Robot 6

Butcher Billy grapples with war, and taste, in new mash-up series


We’ve featured pop artist “Butcher Billy” Bily Mariano da Luz several times. His comic book-related mash-ups are sometimes designed just to entertain, but sometimes to raise debate. His latest series definitely belongs to the latter group: the “War Photography X Vintage Comics Project” skirts good taste in order to make the viewer ponder all kinds of questions.

Superhero comics, a genre born at a period of global chaos, have seldom shied away from apocalyptic levels of horror and violence. Consider 1941’s Human Torch #5A, wherein Namor drops a tidal wave upon New York City. My personal benchmark remains Alan Moore and John Totleben’s Miracleman #15 (as described by Tim Callahan as “a vile disgusting condemnation/celebration of superhero violence (take your pick)“), which managed to be genuinely hellish and affecting, with none of its punch lessened by being frequently ripped off and swiped from by multiple lesser talents over the years. However, things get more sensitive whenever fictional characters get superimposed into real events, such as the howls of protest over J. Michael Straczynski’s Amazing Spider-Man #36, with its crying Doctor Doom.

Billy inserts classic superhero imagery into some of the most shocking and iconic photography ever taken. Sometimes the results resonate, sometimes they offend, sometimes they amuse, and at least one falls so flat as to be utterly banal. He describes his project as:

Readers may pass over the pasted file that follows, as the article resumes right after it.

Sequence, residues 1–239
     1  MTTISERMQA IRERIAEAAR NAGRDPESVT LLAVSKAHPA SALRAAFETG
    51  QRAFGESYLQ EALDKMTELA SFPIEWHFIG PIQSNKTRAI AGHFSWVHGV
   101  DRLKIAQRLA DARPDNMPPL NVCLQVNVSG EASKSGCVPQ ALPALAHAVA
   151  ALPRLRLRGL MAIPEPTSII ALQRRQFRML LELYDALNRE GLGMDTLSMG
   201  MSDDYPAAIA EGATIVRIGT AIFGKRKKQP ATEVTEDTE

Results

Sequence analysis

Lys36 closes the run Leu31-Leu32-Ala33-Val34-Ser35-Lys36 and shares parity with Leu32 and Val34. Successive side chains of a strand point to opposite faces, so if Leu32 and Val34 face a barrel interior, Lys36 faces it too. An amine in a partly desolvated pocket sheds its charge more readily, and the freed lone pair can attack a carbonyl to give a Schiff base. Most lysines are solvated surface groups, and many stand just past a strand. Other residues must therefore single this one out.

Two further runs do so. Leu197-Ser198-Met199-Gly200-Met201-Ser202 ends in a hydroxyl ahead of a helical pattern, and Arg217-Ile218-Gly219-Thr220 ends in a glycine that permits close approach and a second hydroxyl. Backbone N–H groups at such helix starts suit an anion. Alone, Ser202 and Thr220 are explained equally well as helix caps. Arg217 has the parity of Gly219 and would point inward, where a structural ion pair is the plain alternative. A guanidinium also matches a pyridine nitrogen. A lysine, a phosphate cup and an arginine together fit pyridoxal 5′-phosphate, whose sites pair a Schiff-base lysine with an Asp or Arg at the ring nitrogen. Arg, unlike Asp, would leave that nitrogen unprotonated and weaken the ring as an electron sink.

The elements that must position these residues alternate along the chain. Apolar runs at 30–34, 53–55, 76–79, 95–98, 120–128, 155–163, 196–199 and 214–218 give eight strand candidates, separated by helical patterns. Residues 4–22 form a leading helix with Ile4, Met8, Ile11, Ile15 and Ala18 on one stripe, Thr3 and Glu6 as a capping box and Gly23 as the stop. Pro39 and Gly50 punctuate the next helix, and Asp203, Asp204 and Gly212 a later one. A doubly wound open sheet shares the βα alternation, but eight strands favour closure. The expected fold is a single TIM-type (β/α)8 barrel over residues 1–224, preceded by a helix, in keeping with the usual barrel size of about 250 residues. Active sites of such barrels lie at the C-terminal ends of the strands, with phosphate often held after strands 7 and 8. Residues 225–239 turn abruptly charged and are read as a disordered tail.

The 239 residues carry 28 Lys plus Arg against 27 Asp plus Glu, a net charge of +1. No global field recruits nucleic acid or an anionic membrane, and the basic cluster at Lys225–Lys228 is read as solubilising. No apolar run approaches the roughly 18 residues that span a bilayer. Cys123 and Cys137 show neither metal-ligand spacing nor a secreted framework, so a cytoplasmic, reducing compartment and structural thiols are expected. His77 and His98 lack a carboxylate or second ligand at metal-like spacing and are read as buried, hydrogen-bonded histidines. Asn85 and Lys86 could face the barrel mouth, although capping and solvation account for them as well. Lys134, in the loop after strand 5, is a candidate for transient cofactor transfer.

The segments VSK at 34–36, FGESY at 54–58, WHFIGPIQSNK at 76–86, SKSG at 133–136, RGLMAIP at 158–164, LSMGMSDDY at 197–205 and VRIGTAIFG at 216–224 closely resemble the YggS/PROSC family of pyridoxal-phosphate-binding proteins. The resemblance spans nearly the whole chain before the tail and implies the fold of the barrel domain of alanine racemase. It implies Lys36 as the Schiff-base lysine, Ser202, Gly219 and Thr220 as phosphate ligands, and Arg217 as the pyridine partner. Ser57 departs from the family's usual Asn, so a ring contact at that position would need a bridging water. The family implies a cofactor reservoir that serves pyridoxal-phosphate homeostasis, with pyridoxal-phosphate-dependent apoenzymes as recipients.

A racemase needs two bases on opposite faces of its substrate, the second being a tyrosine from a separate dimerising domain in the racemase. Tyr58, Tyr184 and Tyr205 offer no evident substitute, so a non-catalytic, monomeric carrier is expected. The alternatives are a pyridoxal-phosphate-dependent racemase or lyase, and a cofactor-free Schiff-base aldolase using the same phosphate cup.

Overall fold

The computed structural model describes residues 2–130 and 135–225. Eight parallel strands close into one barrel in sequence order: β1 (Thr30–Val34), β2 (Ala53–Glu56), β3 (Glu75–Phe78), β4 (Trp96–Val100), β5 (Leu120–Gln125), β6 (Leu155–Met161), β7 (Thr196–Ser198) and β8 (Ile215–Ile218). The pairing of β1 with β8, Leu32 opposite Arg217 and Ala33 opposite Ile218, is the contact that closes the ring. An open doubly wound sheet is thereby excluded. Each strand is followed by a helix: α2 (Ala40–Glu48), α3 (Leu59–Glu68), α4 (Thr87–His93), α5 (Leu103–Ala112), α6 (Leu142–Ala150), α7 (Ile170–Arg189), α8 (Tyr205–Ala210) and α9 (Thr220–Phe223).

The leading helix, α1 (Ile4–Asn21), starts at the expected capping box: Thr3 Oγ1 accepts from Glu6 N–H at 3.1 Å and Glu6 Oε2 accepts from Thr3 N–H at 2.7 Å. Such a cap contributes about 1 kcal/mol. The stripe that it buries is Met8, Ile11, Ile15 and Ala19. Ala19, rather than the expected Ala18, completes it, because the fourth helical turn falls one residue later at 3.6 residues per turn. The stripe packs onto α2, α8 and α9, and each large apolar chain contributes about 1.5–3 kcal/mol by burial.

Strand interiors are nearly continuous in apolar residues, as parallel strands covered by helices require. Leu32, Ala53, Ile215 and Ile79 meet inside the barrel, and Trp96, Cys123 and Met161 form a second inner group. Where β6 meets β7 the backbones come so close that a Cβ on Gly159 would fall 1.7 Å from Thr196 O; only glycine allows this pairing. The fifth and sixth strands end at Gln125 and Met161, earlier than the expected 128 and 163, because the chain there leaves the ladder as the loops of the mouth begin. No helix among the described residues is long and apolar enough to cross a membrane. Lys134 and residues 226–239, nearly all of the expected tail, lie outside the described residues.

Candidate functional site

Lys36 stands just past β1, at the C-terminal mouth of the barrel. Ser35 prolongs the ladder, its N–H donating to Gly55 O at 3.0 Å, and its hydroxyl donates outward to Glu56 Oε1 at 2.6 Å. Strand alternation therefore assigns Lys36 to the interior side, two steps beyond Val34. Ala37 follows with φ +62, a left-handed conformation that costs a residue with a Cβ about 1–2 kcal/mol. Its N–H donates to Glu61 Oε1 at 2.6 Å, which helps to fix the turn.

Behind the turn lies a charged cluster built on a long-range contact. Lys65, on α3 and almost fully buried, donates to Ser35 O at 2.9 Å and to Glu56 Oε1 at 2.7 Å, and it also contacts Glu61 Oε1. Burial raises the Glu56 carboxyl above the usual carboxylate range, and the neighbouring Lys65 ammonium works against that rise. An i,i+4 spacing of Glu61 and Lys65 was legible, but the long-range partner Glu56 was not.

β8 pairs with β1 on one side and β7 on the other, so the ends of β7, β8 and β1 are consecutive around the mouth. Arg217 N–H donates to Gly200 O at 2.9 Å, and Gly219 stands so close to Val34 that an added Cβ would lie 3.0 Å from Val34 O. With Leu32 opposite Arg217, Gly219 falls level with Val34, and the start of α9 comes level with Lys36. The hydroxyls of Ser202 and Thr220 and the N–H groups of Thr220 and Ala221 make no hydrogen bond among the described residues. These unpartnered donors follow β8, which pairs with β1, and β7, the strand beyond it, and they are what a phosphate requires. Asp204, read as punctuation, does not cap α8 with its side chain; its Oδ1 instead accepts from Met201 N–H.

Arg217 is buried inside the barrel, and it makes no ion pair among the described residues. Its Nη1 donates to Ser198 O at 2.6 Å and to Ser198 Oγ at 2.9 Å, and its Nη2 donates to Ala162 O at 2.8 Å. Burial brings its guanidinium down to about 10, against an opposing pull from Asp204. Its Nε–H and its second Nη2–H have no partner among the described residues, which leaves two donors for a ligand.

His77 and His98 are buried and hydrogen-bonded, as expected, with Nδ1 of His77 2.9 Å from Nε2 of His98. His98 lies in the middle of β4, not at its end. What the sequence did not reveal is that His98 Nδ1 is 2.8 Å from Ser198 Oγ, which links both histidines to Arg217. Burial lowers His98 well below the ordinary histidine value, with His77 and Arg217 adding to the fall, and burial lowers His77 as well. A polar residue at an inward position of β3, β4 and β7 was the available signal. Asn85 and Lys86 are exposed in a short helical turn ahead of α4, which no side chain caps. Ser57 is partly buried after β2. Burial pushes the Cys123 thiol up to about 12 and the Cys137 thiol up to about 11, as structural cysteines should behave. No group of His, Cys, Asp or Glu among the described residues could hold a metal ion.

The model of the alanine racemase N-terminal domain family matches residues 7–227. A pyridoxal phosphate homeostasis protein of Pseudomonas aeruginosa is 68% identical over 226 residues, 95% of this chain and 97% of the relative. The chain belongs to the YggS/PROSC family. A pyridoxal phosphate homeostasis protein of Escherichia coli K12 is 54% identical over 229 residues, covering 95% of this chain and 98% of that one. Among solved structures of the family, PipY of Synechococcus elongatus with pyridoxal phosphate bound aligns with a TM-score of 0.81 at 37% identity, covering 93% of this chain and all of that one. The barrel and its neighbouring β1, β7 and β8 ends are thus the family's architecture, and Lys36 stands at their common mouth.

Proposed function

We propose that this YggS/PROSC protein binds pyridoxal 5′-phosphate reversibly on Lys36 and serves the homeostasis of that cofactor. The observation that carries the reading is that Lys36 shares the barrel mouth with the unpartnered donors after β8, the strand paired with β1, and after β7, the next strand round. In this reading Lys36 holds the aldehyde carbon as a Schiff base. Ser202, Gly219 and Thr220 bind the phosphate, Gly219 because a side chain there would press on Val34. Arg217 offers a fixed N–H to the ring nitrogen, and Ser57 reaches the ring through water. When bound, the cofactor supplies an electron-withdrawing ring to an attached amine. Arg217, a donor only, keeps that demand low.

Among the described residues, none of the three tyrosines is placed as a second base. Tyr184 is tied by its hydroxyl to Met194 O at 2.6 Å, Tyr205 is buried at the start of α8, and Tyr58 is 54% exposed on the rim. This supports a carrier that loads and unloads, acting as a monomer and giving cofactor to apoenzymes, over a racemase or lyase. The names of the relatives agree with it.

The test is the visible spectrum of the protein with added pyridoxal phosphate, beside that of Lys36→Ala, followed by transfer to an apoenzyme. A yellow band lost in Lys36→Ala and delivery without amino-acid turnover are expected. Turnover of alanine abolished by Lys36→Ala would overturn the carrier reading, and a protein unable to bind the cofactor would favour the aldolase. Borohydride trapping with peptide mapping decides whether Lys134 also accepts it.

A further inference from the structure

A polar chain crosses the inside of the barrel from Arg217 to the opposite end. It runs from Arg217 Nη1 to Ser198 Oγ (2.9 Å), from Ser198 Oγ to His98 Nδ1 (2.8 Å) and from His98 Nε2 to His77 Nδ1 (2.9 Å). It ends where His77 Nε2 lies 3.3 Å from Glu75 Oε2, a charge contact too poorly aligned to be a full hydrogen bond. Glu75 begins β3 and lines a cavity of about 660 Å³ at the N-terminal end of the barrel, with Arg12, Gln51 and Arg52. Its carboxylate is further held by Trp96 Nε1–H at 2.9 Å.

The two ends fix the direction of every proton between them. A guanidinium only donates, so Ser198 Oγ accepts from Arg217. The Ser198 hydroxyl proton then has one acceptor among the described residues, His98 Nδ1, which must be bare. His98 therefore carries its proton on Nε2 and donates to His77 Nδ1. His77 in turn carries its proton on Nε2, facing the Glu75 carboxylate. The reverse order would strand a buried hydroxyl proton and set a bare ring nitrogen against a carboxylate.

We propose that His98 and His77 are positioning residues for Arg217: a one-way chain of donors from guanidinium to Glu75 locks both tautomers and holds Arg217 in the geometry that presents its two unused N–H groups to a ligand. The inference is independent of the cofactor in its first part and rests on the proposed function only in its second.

“The contrast between the colorful vintage superheroes and the grey shaded real world.

The visual experiment ended up bringing different results to each piece – from giving a whole new meaning to the picture by modifying the original concept, to reinforcing the same idea by making clear just how the elements were influenced by the history depicted in the photos, or even saying a lot about the psychology behind fiction and reality.

While we see the contrast between the black and white photos and the colorful vintage comic books elements, it’s interesting to notice how the superheroes and supervillains world was actually “black and white” in a metaphoric way, while the strong war scenes are established in the real world, where the grey shaded line between good and evil isn’t always clear.”

Craig Collins tweeted to Billy, “normally find your work quite interesting and entertaining Billy, but this is frankly pretty distasteful.” His response was “lately I’ve started to get this feeling of been too appreciated, it was quite uncomfortable.”  I liked that answer: It isn’t necessarily art (or the artist)’s place in the world to be in good taste. That said, it seems to me that Billy is taking some of humanity’s lowest moments, and using them just to comment upon the nature of superhero comics. See the full gallery, which includes images some readers may find offensive, on Billy Butcher’s blog.





RegularSyzed Wayne

October 8, 2013 at 2:57 pm

I found his pieces showcasing war and particular super heroes who were essentially propaganda mascots during those times to be especially telling. Some of them seemed to just be randomly placed as though this juxtaposition he wrote about was only an afterthought, though.

Over all the difference between the weakness of those situations and the strength sought after in our superheroes is quite interesting and I’m glad he had the gumption to play with it, good taste be damned!

Love them except for Magneto in the Hitler shot – for all the obvious reasons for anyone who knows Magneto’s history.

RegularSyzed Wayne